The early Lucas’s in the Caribbean – John, a planter in Antigua, and Thomas, a merchant in St. Kitts – were believed to be related to the Royalist Lucas’s of Shenfield. When the King was defeated by Cromwell and his troops, many Royalists left England for this Caribbean fringe of Empire.
John Lucas had arrived in Antigua by the early 1680’s and was elected Speaker of the Antigua Assembly in 1695. His son George was appointed Lieutenant Governor of the colony in 1737.
At around that time, George had decided to relocate his family from Antigua to South Carolina where he had inherited three plantations from his father. Unable to leave Antigua, he left his daughter Eliza in charge of affairs in South Carolina. She was just 16 years of age at the time. She would record all her decisions and experiments at the plantations by copying her letters in a letter book. This letter book is one of the most impressive collections of personal writings of an 18th century American woman and gives much insight into her mind and society at that time.
From Antigua, her father would send Eliza various types of seeds for trial on the plantations. They and other planters were eager to find crops for the uplands that could supplement their cultivation of rice. First, she experimented with ginger, cotton, and alfalfa. Starting in 1739, she began experimenting with cultivating and improving the strains of the indigo plant, for which the growing market in textiles created a demand.
After three long years of persistence and many failed attempts, Eliza finally proved that 0he indigo dye could be successfully grown and processed in South Carolina.
After her marriage to lawyer Charles Pinckney in 1744, she revived the cultivation of silkworms and manufacture of silk on his plantation. Widowed at a young age, she continued to manage her extensive landholdings until her death in 1793. President George Washington was a pallbearer at her funeral. The signature of one of her sons, Charles Pinckney, is among those affixed to the U.S. Constitution. He was also a Federalist Presidential candidate. Her other son, Thomas, served as Governor of South Carolina and also as Ambassador to Britain.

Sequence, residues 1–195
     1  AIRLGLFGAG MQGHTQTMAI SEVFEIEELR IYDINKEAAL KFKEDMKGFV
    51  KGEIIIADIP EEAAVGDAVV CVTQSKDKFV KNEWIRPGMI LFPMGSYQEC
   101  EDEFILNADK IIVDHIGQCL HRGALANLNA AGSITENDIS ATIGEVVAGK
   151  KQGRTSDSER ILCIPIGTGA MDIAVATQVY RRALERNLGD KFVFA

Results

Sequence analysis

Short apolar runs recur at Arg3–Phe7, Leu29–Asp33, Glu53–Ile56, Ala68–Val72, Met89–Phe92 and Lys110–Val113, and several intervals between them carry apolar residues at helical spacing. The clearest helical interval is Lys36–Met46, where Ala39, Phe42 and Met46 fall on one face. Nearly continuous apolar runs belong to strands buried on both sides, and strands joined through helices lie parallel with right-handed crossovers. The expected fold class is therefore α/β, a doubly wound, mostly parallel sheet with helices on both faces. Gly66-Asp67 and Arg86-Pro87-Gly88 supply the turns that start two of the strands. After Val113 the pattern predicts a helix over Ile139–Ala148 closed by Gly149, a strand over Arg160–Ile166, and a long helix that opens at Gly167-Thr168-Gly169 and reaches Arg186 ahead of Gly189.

Eliza Lucas Pinckney (December 28, 1722–1793) changed agriculture in colonial South Carolina, where she developed indigo as one of its most important cash crops. Its cultivation and processing as dye produced one-third the total value of the colony's exports before the Revolutionary War. Manager of three plantations at age 16, Pinckney had a major influence on the colonial economy. She was the first woman to be inducted into South Carolina's Business Hall of Fame.
Early life and education
Elizabeth (known as Eliza) Lucas was born on December 28, 1722, in Antigua, British West Indies, where she grew up at Cabbage Tree, one of her family's three sugar plantations on the island. She was the eldest child of Lieut.-Colonel George Lucas, of Dalzell's Regiment of Foot in the British Army, and his wife Ann (probably Mildrum) Lucas. She had two brothers, Thomas and George, and a younger sister Mary (known to her family as Polly). Col. and Mrs. Lucas sent all their children to London for schooling. It was customary for elite colonists to send boys to England for their education when they might be as young as 8 or 9. Girls would not be sent until their mid teens when nearing marriageable age. During this period, many parents believed that girls' futures of being wives and mothers made education in more than "the three "R"s" and social accomplishments less necessary.